Birth control could become more affordable for University of Wisconsin women and other UW colleges due to a stipulation in President Barack Obama’s spending bill put in place earlier this week.

The birth control provision would work to undo a mix-up that occurred in the United States Congress when the 2005 Deficit Reduction Act inadvertently prohibited drug companies and “safety-net” clinics from providing discounted prices of birth control to campus health care centers and other clinics of that kind.

The DRA consisted of legislation created to decrease the deficit and take savings out of Medicaid drug costs.

Although individual companies had the ability to set their own prices under the DRA, most could not afford to keep prices low, according to Lon Newman, president of the Wisconsin Family Planning and Reproductive Health Association.

Once the policy took effect in 2007, many drug companies and clinics on Wisconsin campuses heightened their birth control prices from about $5 each month to nearly $50.

“When costs become so high, young women might practice unreliable contraception,” Newman said. “You might have a few more unintended pregnancies, which isn’t a lot, but to the individual woman, one is plenty to make an impact.”

In his new budget, Obama included language that fixed the 2005 mistake, permitting campus health centers and clinics to reinstate the steep discounts or nominal prices.

The move is part of Obama’s efforts to increase access to contraceptives and abortions, limited by former President George W. Bush.

The need for affordable birth control is evident on the UW campus where many young women choose to use contraceptives, according to Chynna Haas, a junior and the support services coordinator for the Campus Women’s Center.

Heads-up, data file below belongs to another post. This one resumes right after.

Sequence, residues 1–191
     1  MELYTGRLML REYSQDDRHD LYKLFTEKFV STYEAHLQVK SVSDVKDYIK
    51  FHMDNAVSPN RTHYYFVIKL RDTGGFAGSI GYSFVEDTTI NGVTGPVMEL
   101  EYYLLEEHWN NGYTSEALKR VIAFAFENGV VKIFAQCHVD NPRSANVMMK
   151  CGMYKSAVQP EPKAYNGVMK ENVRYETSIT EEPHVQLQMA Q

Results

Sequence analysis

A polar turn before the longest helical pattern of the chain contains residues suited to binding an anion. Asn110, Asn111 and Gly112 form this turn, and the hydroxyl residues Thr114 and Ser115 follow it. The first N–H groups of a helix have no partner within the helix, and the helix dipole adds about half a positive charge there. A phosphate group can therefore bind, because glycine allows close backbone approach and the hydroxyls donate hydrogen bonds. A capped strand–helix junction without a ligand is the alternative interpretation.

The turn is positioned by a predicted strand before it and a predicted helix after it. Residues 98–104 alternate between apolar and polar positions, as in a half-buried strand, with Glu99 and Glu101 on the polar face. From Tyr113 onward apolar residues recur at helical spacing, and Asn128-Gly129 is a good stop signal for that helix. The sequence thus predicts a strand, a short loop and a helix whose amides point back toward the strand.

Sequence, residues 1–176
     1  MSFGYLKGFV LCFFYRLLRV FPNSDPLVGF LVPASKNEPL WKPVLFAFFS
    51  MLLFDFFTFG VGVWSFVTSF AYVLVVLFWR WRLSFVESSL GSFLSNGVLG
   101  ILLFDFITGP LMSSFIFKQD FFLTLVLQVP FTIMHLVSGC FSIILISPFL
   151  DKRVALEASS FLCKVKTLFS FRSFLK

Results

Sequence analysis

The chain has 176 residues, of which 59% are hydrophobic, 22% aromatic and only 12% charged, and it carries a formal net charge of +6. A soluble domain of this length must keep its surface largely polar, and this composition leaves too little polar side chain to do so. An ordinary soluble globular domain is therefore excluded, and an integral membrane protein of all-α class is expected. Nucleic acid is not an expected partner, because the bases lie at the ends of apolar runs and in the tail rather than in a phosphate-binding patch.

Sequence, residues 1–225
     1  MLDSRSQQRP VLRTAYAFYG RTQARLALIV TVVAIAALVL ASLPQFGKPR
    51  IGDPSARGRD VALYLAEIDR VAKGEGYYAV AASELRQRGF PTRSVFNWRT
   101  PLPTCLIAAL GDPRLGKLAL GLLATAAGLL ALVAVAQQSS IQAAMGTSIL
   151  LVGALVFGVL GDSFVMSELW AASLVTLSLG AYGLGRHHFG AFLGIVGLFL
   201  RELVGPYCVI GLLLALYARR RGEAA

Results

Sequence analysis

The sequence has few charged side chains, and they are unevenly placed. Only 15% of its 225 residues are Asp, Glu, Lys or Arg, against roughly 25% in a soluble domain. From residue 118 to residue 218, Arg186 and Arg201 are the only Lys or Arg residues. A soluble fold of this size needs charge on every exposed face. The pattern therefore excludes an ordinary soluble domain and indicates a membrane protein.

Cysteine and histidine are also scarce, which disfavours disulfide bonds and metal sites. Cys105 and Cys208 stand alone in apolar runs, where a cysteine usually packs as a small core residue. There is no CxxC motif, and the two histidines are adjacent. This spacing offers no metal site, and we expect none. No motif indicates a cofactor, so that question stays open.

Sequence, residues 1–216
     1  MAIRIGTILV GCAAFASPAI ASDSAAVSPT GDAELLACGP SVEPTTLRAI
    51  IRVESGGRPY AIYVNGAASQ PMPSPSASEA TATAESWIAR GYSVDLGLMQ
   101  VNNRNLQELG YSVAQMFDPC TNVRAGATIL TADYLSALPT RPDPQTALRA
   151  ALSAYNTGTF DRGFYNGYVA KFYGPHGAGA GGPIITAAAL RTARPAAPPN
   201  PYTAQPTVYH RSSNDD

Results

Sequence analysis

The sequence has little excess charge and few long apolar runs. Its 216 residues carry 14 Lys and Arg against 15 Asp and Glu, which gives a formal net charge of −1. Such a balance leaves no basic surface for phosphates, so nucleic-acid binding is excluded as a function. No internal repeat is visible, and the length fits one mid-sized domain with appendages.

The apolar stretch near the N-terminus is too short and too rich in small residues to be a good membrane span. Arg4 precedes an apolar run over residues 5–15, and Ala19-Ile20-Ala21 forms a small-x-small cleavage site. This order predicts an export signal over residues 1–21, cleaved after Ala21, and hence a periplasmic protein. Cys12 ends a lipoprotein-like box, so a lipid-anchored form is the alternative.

“The decrease would be more accessible for students to be able to afford birth control,” Haas said. “If it is publicized that it is more affordable, there will probably be more women accessing it or seeking it, particularly if the Health Services could lower the student costs.”

UW students can now choose between 19 generic forms of birth control pills that will cost $20 or less per month because the same pharmacy that works with the student health clinic deals with the UW Hospital and Clinics System — a system large enough to generate deals with drug companies that sell the cheaper generic forms.

According to Newman, the decrease in prices — along with the increase in options — is coming at a crucial time.

She said due to the condition of today’s economy and increase in job losses, preventing pregnancy and keeping young women in school is increasingly important.

“Overall, having access to reliable hormonal birth control improves maternal and child health,” Newman said. “It has a positive impact on planned pregnancies because women can determine for themselves when and whether to have children, meaning they could choose to stay in the workforce, pay bills or further education before having a child — all things that are important for families.”